If worst comes to worst, do you really think they’d not show up unless you had a church wedding? If I have to be a little harsh/pragmatic this is your day, and I think the most important thing is that you feel at home in whatever is happening, not what your parents want. I’m sure you can sort this out somehow… I’m sorry, I don’t have any experience with these issues so maybe I’m totally off here.
Post # 9
I would bring this up with your parents soon by stating something along the lines of “we are looking at officiants and we decided (insert whatever your decision is here- having a friend officiate, justice of the peace, etc).” There are many ways you could go with this, but I feel like if you don’t tell them now it will be more unpleasant on the day of the wedding. I don’t know how anti-religion you are but if you wouldn’t mind one religious aspect you could always go the route of secular officiant with one of your parents doing a bible reading. They might get excited enough about the reading that they are more willing to overlook the abscence of religion in the rest of your ceremony.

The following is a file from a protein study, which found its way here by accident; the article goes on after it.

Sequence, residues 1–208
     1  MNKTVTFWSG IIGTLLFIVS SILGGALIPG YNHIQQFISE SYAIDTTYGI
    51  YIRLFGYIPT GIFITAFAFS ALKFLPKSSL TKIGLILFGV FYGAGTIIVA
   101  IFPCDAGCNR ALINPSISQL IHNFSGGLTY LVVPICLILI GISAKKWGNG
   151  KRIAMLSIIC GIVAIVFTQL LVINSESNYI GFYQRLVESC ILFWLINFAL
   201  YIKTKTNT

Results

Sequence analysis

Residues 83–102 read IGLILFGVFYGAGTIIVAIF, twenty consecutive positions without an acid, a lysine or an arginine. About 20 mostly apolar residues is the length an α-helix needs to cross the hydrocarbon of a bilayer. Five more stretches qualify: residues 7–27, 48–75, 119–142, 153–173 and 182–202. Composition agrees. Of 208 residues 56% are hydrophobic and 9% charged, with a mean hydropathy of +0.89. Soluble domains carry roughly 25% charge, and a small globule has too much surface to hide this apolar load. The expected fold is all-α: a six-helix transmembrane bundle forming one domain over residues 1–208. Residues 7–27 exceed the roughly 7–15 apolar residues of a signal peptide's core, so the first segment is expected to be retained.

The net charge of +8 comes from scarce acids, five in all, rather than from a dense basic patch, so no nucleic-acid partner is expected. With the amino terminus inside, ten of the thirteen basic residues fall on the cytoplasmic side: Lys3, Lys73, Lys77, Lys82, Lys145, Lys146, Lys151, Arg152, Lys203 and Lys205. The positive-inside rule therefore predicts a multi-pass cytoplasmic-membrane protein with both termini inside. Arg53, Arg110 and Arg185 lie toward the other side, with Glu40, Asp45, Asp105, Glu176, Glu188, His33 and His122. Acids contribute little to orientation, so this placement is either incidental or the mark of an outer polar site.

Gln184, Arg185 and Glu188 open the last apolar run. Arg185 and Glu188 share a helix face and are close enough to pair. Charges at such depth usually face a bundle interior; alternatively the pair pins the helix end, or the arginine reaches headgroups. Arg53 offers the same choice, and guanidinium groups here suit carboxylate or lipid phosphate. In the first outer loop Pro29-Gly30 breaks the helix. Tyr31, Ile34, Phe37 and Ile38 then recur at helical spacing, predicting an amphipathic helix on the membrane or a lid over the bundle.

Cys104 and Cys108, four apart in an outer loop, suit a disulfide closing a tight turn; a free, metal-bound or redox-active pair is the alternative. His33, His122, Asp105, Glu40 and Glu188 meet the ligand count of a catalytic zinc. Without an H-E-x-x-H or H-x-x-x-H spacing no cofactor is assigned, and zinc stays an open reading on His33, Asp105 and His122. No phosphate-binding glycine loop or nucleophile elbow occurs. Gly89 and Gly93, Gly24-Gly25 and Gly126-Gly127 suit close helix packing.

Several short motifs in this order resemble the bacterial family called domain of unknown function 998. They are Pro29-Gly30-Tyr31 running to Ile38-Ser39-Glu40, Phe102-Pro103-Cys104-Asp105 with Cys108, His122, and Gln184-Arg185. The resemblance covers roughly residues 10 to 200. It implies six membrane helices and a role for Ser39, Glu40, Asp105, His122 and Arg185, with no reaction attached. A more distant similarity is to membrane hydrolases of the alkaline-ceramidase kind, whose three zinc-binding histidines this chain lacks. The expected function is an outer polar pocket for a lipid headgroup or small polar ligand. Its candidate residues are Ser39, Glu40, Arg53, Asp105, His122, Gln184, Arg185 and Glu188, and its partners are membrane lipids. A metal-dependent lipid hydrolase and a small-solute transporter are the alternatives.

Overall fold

If they give you an ultimatum (make it religious or we don’t pay) shop around for a minister if their money is required. I am fortunate to have found a laid backpartnered lesbian who is a lutheran minister (it was very important to my FMIL that we have a church leader officiate our ceremony, but we didn’t want a church wedding) who said that we could create the wedding we want as long as it isn’t physically in the church building.
Best of luck!
Post # 10
@VictoriaK1990: You tell them that you want a secular ceremony, with friendliness and a smile on your face. Then the chips will fall where they may, you CANNOT control their behavior. Stop trying.
But you pretty much relinquished control of the affair when you agreed to let them pay for it.
This would not be worth fighting about in my book, I’d have the wedding celebration that I want, funding it myself. Don’t be one of those women who forever regret their wedding event as inauthentic to their real selves.